Another reason for the true nature of the work never being revealed may lie in the motivation of the author. A great deal has been written on the idealistic motivation of More in seeking to present his image of the ideal state, but very little has been said about possible commercial benefits that could have arisen. The former opinions are perfectly in keeping with our recent view of Saint Thomas More, but the man was not a saint when he wrote the work and there is nothing dishonourable in being motivated by profit. Biographies of More show that although he was reputed to be above taking bribes in his official capacity, he was just as interested as the next man of his generation in seeking rewards and profit. His involvement with the world of commerce is well documented and one of his avowed aims in producing the book was reputedly to show it to Cardinal Wolsey. Perhaps this was because he saw the potential for national and personal profit in trade with these new lands. It is surely a strange coincidence that the only record we have of a planned expedition from England to these new lands in this period was made by Thomas More's brother-in-law, John Rastell. Rastell would appear to have been cast in the mould of the great entrepreneurs, always on the lookout for ways to consolidare his fortune. He wrote a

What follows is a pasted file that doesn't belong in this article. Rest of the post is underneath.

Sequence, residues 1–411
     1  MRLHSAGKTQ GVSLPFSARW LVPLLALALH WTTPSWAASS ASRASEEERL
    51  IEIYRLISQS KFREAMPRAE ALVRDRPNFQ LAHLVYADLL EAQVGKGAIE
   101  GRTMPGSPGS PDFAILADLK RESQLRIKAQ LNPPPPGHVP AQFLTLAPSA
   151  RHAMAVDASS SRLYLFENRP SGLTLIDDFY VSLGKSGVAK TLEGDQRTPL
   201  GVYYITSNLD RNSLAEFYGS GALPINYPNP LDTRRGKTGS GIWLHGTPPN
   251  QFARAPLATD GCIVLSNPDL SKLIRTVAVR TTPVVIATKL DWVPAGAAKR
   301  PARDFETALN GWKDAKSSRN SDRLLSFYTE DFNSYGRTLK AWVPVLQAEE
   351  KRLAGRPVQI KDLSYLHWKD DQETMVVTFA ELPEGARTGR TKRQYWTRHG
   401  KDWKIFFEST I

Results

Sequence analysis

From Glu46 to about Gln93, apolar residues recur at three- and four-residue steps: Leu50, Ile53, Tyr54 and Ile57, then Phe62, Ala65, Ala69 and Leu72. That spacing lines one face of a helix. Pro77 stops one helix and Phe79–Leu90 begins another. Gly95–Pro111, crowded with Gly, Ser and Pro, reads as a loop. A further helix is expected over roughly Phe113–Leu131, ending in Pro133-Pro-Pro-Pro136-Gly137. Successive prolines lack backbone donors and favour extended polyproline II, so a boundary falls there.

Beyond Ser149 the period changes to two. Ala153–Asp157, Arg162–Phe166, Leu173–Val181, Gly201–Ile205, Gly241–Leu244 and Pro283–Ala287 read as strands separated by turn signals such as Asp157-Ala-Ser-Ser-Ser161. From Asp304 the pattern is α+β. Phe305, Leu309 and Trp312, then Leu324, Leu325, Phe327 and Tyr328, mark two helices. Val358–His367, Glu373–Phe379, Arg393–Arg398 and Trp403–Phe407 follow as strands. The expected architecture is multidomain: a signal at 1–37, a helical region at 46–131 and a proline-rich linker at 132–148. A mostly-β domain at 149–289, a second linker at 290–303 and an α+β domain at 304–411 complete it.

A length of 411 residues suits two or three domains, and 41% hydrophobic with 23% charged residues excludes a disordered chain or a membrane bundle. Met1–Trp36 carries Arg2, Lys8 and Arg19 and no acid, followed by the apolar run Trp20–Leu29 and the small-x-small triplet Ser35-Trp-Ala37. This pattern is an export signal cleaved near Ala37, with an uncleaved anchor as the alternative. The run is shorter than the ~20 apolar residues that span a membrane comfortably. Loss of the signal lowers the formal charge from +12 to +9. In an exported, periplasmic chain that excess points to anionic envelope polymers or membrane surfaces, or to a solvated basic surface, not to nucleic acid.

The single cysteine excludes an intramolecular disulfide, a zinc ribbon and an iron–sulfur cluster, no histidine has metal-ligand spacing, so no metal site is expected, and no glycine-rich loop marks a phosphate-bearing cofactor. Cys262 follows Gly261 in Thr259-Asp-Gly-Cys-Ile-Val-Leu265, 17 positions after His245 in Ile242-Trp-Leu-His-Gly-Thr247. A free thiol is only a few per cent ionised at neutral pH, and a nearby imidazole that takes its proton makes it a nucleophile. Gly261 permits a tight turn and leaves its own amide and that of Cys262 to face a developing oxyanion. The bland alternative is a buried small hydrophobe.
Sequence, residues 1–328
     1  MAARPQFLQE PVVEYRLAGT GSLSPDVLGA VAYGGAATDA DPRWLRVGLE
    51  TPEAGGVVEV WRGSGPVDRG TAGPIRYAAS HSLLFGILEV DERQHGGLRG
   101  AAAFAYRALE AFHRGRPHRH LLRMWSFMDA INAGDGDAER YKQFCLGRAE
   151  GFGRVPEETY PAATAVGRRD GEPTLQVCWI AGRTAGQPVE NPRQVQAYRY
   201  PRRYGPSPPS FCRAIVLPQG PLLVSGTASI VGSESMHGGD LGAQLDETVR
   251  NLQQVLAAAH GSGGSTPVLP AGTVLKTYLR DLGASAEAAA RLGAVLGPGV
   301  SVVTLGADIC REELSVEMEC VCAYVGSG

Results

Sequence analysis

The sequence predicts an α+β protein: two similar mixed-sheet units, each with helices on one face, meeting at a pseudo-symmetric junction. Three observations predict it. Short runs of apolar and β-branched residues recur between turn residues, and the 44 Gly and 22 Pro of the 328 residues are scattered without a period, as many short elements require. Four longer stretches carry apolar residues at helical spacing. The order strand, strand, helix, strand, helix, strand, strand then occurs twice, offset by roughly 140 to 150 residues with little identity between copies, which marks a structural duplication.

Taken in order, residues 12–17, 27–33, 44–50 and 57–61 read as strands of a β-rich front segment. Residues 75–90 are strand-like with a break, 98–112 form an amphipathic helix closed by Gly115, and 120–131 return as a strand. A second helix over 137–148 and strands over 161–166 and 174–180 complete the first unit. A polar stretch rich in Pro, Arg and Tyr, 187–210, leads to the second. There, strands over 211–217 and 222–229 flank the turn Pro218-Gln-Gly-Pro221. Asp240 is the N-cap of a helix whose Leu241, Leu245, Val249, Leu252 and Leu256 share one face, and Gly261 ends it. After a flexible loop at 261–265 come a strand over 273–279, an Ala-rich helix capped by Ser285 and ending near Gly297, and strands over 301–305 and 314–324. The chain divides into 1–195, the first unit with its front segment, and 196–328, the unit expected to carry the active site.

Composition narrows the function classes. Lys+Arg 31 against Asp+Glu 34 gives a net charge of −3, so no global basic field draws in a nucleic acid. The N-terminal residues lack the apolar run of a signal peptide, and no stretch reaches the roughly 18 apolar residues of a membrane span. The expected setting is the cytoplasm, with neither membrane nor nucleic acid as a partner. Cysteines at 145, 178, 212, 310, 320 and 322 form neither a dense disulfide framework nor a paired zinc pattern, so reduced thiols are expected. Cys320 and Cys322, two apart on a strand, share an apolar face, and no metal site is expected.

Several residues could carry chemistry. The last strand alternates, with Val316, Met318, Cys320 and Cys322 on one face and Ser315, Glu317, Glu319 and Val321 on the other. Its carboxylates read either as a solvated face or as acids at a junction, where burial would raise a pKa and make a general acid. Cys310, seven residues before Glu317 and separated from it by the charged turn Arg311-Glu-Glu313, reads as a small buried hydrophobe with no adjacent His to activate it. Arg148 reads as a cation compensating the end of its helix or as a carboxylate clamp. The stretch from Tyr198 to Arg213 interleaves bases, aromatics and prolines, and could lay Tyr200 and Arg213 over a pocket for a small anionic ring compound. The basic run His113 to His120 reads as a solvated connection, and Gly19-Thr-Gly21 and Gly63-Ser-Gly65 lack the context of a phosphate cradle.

{p. 117} play based on the new lands called The Four Seasons. This deals almost exclusively with the profits to be made trading in the New World.